Betsy Cass ponders social and cinematic adaptability in her re-view of Spike Jonze’s Adaptation, which has 100% more Nic Cage in it than the novel from which it was adapted.

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I hadn’t intended for this re-review to include so much of me. Maybe, like Charlie Kaufman, it’s because I don’t think I can find a way to do justice to the source material. It’s honest, layered and shockingly detailed in a way that’s almost not worth discussing. Just watch it, then watch it again, then watch it again and you’ll begin to have some idea about the depth and delicacy of what Kaufman has accomplished. I don’t have the words to opine on his achievements, so I’ll try to stick to the way it’s changed for me in the short decade since it was released.

I was in my mid-teens when the movie came out and while I loved film, it would be unfair to say I truly knew much about it. However, I’d firmly established the tradition of trekking to the movie theatre alone every weekend (although my parents or friends did have to drive me, since I didn’t have a license yet) to see whatever could pass as art or independent film at a Montana multiplex. On one particular weekend, I managed About SchmidtConfessions of a Dangerous Mind and Adaptation on three consecutive days. The first did nothing for me (although in retrospect, I was hardly the target audience), the second I willed myself to like (although honestly, I still think it’s a ridiculously fun film) on my love of Sam Rockwell alone, and the third I was determined to love because it was funny and it had Nicolas Cage and it was about film, dammit! Looking back, though, I’m almost ashamed at how little respect I had for the craftsmanship and creativity of the work.

Part of this is the fault of a young, uneducated mind. But much of it, clearly, is due to the meticulousness of Charlie Kaufman’s script. I’ve seen the movie almost half a dozen times (although it’s been at least five years since the last time), but it wasn’t until the latest viewing that I completely grasped how loaded every phrase in the film is. Without knowing where it’s going, it’s impossible to respect the amount of absurd detail present. You practically need to have the film memorized to do so. While this brilliant obsessiveness became fully evident this time around, it wasn’t what struck me most about my latest reviewing.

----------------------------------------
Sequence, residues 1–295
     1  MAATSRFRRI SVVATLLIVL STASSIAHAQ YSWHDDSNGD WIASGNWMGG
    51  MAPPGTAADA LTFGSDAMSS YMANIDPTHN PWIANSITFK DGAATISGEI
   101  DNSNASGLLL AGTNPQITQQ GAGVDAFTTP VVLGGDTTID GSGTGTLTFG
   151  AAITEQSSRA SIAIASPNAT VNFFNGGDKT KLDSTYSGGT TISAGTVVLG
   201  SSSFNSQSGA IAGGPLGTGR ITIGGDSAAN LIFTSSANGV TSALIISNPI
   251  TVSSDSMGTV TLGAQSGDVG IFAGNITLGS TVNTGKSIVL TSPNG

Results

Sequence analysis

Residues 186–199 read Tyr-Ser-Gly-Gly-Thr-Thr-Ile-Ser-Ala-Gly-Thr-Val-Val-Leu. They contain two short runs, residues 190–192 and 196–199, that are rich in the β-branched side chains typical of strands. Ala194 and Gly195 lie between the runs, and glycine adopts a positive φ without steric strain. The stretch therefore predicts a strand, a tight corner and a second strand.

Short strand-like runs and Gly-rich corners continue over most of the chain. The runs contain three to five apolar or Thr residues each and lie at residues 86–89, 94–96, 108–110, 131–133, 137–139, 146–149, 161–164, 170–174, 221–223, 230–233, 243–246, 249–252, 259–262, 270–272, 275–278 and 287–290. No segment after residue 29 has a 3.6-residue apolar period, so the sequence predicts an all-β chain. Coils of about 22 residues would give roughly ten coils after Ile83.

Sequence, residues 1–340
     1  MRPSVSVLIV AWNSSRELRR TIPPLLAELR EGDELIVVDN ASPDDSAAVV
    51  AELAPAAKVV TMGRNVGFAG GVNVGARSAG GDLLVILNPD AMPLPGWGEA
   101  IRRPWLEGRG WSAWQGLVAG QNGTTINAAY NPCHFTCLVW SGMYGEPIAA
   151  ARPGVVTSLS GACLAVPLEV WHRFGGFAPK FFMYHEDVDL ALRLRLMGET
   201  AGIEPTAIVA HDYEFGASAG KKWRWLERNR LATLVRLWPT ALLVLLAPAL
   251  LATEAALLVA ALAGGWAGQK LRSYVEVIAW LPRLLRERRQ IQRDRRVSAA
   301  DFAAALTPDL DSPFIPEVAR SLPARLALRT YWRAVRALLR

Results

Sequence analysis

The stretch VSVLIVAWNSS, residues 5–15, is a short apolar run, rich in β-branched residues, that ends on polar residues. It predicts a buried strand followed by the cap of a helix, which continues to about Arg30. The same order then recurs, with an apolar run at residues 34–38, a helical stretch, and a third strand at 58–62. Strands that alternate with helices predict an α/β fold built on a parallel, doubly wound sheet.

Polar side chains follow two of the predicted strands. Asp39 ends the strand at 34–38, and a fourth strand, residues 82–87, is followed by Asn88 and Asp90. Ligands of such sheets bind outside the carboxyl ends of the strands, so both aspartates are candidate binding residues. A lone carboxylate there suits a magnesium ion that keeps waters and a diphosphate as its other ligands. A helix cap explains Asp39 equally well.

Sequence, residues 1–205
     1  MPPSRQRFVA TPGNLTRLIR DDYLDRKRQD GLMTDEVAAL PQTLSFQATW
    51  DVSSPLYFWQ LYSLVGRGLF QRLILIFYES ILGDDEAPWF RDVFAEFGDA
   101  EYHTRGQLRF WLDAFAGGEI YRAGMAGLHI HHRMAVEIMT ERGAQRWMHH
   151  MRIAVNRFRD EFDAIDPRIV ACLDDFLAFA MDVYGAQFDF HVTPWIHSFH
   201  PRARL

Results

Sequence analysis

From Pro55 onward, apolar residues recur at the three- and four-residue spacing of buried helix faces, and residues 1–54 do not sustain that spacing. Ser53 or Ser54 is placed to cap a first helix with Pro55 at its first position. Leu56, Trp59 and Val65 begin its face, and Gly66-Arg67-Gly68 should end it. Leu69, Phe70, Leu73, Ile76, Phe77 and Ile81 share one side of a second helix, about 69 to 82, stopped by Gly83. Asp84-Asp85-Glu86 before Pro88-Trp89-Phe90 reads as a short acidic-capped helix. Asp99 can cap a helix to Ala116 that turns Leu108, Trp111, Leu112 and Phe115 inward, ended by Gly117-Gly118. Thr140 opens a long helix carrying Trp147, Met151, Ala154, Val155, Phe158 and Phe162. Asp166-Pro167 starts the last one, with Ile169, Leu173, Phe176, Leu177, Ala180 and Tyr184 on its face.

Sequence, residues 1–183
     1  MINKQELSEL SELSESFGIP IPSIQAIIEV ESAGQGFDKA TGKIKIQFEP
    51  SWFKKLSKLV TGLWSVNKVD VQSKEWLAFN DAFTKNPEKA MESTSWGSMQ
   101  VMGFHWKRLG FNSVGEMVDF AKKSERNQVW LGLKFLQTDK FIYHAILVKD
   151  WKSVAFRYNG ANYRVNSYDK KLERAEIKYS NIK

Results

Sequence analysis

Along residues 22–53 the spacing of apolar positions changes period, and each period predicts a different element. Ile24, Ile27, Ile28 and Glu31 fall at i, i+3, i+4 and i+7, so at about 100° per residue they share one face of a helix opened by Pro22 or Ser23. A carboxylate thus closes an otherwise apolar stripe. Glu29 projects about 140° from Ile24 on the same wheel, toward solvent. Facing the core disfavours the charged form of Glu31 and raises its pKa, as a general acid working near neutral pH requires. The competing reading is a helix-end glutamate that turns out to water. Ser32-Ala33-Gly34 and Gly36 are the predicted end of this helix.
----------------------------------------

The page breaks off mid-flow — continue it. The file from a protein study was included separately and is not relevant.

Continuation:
While I hadn’t experienced the full depth and bitterness of the Kaufman’s critique of Hollywood, I sure as hell knew it was there. And I certainly didn’t fail to notice that, even if this aspect went completely over your head, it was a highly entertaining and engaging picture. What is so evident now to me, perhaps because I am older and sadder, is the incredibly personal nature of the piece, while in the past I would have thought of it as anything but. Moments I would have openly laughed at before now seemed sad and affecting. Points where Charlie may have seemed pathetic are now unfortunately familiar.  Without the zany comedy and the commentary on the machinery of making film, what you’re left with is a surprisingly affecting rumination on loneliness and the consequences of choosing to engage with or shut out those around you. Not only that, but it examines a special type of isolation far detached from the histrionics of teenagerdom: where cloistering yourself from friends and acquaintances seems less like a choice and more like the essence of who you are. The question, then, is whether to force yourself to adapt or stay true to your nature.

Kaufman explores the conundrum through the lens of Donald. Friendlier and more outgoing, he’s the person people wish Charlie could be. While the character of Charlie gains respect for Donald by the end of the film, it would be a stretch to say Kaufman truly felt the same. This, too, is part of the farcical Hollywood ending. It’s no more sincere than the car chase/swamp shootout or Charlie’s final proclamation of love to Amelia (a scene which I’ll get back to later). This kind of growth only happens in the movies. Kaufman’s truly advocating that audiences stay in their small, comfortable, neurotic worlds. After all, look what happened to Donald after Charlie finally gave in to one of his schemes.